Robert Trivers, Brian Palestis, Bernhard Fink and John Manning

Is Foot Asymmetry a Correlate of Hand Performance Asymmetry? Evidence from the Jamaican Symmetry Project

Evolutionary Psychological Science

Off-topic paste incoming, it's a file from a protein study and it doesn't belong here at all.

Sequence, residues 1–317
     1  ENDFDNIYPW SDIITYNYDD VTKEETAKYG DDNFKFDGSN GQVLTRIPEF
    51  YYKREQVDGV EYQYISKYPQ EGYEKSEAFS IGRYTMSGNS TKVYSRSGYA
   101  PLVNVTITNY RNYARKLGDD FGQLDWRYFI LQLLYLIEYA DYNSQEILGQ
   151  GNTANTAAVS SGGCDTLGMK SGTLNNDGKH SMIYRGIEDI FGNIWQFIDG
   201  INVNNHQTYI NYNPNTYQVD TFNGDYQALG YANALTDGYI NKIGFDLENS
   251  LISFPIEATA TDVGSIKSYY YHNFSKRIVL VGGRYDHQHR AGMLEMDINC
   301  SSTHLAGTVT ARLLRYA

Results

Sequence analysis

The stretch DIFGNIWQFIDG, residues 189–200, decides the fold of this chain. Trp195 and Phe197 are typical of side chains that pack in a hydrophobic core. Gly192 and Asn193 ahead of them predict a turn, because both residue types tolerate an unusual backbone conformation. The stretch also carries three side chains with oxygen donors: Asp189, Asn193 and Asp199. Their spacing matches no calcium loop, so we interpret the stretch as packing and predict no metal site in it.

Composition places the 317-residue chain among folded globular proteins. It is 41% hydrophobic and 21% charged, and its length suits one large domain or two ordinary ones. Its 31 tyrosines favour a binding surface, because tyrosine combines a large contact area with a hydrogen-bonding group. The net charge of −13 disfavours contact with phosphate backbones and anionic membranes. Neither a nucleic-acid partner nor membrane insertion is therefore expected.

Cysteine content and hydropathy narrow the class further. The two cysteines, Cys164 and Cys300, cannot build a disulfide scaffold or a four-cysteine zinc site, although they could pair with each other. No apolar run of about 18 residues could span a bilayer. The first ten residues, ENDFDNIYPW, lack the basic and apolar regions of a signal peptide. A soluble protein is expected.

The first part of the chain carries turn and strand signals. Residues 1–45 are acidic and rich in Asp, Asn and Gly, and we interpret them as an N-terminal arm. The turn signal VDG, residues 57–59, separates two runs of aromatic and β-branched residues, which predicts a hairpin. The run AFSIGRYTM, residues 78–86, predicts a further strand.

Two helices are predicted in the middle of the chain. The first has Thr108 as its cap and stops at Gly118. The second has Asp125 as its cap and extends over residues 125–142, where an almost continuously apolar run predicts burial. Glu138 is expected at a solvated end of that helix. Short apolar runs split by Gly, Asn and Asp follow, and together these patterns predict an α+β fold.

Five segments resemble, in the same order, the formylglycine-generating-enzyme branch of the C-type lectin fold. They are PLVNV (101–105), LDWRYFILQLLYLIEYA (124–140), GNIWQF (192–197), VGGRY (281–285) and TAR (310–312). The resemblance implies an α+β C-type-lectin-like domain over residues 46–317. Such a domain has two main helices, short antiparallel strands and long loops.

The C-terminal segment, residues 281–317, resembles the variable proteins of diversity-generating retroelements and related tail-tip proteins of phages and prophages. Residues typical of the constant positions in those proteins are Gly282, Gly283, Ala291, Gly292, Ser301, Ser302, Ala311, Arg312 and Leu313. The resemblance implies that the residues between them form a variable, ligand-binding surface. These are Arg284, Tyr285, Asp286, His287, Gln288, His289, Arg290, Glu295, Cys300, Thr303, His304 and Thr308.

Handedness is likely to be controlled by many genetic variants, some of which are in sex-dependent genes that also influence body asymmetry. One such asymmetry may be in foot length. Levy and Levy (Science, 200, 1291–1292, 1978 ) reported that right-handed males have longer right feet than left and left-handed males have longer left feet than right, while this trend was found to be reversed in females. Subsequent studies, however, were unable to replicate this effect. Here, we consider the relationship between foot asymmetry and asymmetry of hand performance in a sample of 251 children from the Jamaican rural countryside. Foot length was measured and asymmetry was calculated (L–R). An Annett peg test was used to measure speed of hand performance for right and left hands. Lateralised hand performance (LHP) was calculated by dividing the right-hand time by the left-hand time (i.e. LHP <1 = faster right hands). For boys, L–R foot length asymmetry was positively correlated to right-hand times and to LHP, and the relationships were independent of age. It is notable that the larger the relative size of the right foot, the faster the speed of the right hand, but so also the smaller the relative size of the right foot, the slower the speed of the right hand—the distribution is continuous and significant. In girls, foot length asymmetry did not correlate with hand speed. Thus, we have replicated the Levy and Levy effect in boys, but not girls. We discuss these results in relationship to the influence of sex-dependent genes and foetal sex steroids on brain and body lateralisation.